Nurture campaigns don’t always need to get stronger over time
The traditional nurture campaign, as the name implies, warms up (or nurtures) prospects by starting off light and giving / asking for more and more over time. For example, you might start with a short article before sharing a longer, gated resource before asking recipients to attend a webinar before offering a demo.
But what would happen if you flipped this model on its head?
The Case for a Flipped Nurture Campaign
The idea behind the traditional nurture model is to warm up leads through education and relationship-building as you share increasingly heavier content with stronger calls to action, which are meant to push them down the funnel faster. However, the truth is, everyone will move through the funnel at their own pace. Some people might race through it in half the time while others might need a little more time and attention to get through. It depends in large part on numerous factors beyond your control like readiness, budget and buy-in, to name a few.
Now imagine if you could identify those people who are ready to move through the funnel quickly and close the deal early on so that you could help accelerate that process even further. Well, you can. That’s the idea behind flipping the traditional nurture model and leading off with heavier content and a stronger call to action. When you do that, those people who respond positively at the start become prime targets. In short, this flipped model helps you surface the most promising opportunities faster to better drive new business.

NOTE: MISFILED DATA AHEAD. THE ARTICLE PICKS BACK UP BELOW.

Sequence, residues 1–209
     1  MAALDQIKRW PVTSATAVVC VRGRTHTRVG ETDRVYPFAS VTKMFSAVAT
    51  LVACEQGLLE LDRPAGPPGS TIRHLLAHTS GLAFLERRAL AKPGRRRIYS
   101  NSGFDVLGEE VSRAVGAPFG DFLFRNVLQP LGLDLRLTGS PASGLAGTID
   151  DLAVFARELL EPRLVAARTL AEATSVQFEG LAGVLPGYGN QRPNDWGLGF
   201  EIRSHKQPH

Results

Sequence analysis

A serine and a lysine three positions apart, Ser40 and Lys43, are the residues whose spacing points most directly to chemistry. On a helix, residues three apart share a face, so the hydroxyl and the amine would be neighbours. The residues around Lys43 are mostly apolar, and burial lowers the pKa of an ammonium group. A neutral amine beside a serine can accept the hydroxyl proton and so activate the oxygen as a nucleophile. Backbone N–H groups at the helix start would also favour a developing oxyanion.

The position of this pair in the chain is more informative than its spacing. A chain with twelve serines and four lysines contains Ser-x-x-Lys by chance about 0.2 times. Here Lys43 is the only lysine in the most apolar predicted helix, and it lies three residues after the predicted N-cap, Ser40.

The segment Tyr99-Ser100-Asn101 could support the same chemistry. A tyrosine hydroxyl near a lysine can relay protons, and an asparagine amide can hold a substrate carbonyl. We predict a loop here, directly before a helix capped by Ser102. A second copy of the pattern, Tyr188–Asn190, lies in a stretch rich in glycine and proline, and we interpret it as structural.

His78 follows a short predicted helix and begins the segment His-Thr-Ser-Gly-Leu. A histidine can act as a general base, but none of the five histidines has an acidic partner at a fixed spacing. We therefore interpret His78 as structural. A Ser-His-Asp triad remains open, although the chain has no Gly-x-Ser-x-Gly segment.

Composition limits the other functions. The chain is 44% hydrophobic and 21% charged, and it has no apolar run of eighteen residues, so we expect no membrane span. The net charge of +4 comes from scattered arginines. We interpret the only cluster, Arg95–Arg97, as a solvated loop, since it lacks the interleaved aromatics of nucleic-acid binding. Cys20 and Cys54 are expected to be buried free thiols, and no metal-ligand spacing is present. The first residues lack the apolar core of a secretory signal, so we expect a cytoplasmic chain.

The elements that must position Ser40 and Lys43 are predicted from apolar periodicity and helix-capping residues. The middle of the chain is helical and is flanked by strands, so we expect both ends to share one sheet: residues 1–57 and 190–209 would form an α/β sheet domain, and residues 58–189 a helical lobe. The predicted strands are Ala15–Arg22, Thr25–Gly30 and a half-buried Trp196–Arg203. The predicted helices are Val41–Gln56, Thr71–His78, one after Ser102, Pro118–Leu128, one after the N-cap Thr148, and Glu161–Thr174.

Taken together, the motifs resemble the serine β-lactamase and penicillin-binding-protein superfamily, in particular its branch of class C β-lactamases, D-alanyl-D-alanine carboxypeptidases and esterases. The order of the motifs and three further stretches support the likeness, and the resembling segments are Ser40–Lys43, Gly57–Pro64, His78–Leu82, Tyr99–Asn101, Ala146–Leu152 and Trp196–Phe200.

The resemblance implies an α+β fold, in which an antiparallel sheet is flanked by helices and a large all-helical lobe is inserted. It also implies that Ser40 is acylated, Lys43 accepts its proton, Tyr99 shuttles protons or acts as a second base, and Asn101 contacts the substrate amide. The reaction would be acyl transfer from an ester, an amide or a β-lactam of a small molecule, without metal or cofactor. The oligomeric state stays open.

While taking this approach can certainly help you expedite movement in your funnel, not everyone will be ready for this accelerated approach, and you shouldn’t write off those people who don’t respond right off the bat. In those cases, you should continue the nurture campaign to offer more education over time, moving back toward a more traditional, lengthier model.
When Does a Flipped Nurture Make Sense?
While the flipped nurture model can add a lot of value by surfacing prime opportunities faster, you don’t necessarily want to flip all of your campaigns.
The flipped nurture model works best when you’re targeting people who have engaged with your business previously but weren’t quite ready to buy. In this case, you have an audience who has already demonstrated some level of interest and has some base exposure to your message and your brand. Think of it as going after the low-hanging fruit.
Additionally, your flipped nurture campaigns should not be long. Since the goal behind this model is to surface prime opportunities more quickly, any campaigns you run in this manner should be relatively short. That will give you the opportunity to identify those prospects who are ready to move forward and revert back to more traditional tactics for those who are not.
It’s no doubt a different approach that requires some outside of the box thinking, but when you consider the why, the how and (most importantly!) the payoff, the flipped nurture model isn’t as crazy as it may sound!